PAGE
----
Urban Tribe - Ride with your kids in front.

Funding for projects up for comment

Posted by on November 13th, 2006 at 11:10 am

Metro has narrowed their list of transportation projects down to a “first-cut list” and is now seeking public comment to decide which ones get funded.

There are several opportunities for public comment and your chance to weigh in ends on December 1st.

Many bicycle-related projects are on the list including,

There’s a listening post tonight in Beaverton and tomorrow and Thursday in Portland. Here’s the list of times and locations.

So please make sure to let Metro know how you feel about these projects…or you’ll have no right to complain when your pet project is left off the list.

NOTE: We love your comments and work hard to ensure they are productive, considerate, and welcoming of all perspectives. Disagreements are encouraged, but only if done with tact and respect. If you see a mean or inappropriate comment, please contact us and we'll take a look at it right away. Thank you — Jonathan

  • greg passmore November 13, 2006 at 11:13 am

    Am I right in reading that there is nothing on the westside in Multnomah county? At all?? The streetcar extension looks interesting…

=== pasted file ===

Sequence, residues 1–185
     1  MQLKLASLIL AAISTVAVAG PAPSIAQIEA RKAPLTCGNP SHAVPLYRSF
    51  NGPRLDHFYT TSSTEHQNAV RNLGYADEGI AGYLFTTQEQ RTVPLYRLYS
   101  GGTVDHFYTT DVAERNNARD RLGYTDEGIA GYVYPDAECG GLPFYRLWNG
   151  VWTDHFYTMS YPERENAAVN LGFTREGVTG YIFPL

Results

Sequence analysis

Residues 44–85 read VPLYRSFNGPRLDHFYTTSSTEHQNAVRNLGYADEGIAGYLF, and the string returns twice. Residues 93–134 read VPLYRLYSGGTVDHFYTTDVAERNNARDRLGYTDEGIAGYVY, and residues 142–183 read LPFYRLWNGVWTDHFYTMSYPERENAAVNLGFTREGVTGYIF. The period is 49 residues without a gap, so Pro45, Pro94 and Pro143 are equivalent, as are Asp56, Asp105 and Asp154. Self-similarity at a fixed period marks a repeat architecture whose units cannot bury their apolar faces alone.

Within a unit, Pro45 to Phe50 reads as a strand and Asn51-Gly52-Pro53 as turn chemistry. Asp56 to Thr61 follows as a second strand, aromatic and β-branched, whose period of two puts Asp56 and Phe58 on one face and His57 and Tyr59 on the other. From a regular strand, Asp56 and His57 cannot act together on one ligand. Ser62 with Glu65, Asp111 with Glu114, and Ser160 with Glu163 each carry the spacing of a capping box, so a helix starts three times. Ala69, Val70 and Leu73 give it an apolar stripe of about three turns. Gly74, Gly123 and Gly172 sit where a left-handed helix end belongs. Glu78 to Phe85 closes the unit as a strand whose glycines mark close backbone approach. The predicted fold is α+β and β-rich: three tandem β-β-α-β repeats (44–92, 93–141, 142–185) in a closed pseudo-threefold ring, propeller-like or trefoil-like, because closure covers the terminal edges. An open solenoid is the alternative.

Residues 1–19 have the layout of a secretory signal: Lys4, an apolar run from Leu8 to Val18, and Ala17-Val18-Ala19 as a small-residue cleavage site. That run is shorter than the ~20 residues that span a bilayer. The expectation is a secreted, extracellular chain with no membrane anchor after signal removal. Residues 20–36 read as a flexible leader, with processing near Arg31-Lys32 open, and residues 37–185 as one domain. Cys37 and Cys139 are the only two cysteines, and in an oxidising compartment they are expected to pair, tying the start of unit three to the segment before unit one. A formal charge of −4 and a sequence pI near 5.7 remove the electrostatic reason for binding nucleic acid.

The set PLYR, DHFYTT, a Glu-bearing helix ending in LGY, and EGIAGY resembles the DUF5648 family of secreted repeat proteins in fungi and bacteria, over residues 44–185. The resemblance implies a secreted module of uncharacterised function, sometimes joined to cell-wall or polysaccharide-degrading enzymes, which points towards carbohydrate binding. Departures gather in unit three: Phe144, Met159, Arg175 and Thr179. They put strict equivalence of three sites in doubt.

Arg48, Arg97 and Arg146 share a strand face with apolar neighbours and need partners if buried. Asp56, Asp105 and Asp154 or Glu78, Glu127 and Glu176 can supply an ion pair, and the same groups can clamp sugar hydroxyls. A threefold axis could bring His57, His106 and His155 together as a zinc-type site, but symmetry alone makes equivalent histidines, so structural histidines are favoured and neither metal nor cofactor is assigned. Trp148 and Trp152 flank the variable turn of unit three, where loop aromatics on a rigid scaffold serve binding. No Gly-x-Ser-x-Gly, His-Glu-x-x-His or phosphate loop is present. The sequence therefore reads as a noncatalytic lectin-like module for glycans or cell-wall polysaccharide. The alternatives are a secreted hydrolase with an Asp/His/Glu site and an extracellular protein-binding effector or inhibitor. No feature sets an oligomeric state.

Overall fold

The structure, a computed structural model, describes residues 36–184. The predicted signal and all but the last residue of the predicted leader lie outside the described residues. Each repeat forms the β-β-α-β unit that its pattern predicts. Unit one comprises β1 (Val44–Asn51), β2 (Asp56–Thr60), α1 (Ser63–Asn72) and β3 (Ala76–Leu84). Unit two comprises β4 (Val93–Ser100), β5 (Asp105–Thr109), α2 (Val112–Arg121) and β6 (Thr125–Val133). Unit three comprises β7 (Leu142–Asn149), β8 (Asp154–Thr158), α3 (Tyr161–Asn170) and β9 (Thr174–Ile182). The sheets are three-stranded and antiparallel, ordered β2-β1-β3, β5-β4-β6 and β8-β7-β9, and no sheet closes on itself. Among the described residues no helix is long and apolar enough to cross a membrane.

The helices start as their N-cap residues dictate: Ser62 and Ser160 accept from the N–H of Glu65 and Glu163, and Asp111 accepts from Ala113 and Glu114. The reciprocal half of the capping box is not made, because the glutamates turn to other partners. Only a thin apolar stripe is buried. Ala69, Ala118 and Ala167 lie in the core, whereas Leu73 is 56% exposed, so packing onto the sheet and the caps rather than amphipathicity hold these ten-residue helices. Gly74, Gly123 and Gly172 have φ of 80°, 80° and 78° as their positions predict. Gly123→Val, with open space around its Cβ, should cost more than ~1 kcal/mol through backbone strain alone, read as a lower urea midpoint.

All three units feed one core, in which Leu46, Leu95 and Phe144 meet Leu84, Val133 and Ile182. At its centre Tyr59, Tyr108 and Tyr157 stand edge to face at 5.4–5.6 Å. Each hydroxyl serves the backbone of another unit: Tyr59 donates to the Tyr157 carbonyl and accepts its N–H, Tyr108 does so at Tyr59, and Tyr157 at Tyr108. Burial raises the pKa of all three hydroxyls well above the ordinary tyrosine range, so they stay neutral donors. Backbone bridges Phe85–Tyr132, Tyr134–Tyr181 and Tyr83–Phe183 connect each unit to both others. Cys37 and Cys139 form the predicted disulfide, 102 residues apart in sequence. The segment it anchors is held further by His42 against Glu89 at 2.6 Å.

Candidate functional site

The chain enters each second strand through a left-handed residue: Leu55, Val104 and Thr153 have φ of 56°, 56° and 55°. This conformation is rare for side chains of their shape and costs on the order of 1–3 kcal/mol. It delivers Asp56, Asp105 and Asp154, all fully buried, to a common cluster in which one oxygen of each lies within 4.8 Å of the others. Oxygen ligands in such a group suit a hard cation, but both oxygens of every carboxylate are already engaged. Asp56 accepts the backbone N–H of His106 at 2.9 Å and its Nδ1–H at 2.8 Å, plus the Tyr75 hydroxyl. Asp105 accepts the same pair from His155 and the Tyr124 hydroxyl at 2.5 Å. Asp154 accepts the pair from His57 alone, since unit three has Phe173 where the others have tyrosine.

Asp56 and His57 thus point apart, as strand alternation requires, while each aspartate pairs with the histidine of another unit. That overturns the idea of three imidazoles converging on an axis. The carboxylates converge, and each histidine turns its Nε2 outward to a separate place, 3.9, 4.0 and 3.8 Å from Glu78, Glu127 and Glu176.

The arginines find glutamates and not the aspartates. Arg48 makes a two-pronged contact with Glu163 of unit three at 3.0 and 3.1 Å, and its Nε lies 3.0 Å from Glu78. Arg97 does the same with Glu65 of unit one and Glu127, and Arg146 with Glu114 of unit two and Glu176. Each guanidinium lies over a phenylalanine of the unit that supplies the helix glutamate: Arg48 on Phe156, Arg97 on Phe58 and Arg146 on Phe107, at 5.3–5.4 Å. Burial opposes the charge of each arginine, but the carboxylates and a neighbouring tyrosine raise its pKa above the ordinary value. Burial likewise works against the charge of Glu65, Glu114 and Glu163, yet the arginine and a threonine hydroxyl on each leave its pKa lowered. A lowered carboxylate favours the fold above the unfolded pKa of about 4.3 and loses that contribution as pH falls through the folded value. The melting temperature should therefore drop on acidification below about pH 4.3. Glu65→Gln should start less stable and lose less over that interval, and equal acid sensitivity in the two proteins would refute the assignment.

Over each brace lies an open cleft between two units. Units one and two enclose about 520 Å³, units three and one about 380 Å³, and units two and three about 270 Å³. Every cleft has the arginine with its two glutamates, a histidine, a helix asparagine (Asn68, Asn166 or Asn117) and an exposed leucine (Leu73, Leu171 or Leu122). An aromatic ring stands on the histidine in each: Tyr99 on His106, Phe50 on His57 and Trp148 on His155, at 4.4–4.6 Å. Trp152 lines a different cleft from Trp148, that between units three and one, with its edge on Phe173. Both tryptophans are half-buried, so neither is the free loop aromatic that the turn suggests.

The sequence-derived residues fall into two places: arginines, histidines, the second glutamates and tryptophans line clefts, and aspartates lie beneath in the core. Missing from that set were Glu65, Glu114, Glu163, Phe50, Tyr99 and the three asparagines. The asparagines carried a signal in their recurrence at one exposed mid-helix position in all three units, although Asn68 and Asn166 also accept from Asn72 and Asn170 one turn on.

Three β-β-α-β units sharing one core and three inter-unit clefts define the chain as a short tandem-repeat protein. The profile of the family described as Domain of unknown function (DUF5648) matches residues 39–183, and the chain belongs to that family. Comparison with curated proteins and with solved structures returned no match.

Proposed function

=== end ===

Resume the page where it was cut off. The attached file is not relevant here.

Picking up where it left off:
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  • jeff November 13, 2006 at 11:48 am

    Jonathan, it looks to me like the Marine Drive trail gaps are NOT on the proposed project list, if I’m understanding the Metro bureaucratese correctly — “1st Cut” designation seems to mean, counterintuitively, that it’s still on the proposed list.

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  • Jonathan Maus November 13, 2006 at 11:55 am

    you’re right Jeff. Marine Drive gaps seem to have not made the cut. Bummer. I’ve edited the post. Thanks for catching me on that.

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  • jeff November 13, 2006 at 12:08 pm

    Bummer indeed. If enough people show up at the Metro listening post or email comments to voice their support for this project then it could be reinstated, one would hope.

    and, here’s an intriguing project that is still on the list, the Milwaukie-Lake Oswego trail, which would open the existing RR bridge to bikes & peds – planning & preliminary design only:


    Very cool.

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  • Cate November 13, 2006 at 5:47 pm

    Greg, you are right. There is a strong eastside preference at PDOT, Metro, and the BTA, and the funding reflects that.

    I wish Dan Saltzman were over PDOT. Then there might be someone in a decision making role who understands the westside and can adequately represent the westside.

    Current decision makers are either unfamiliar with the westside and/or they assume that what works for the eastside belongs on the westside.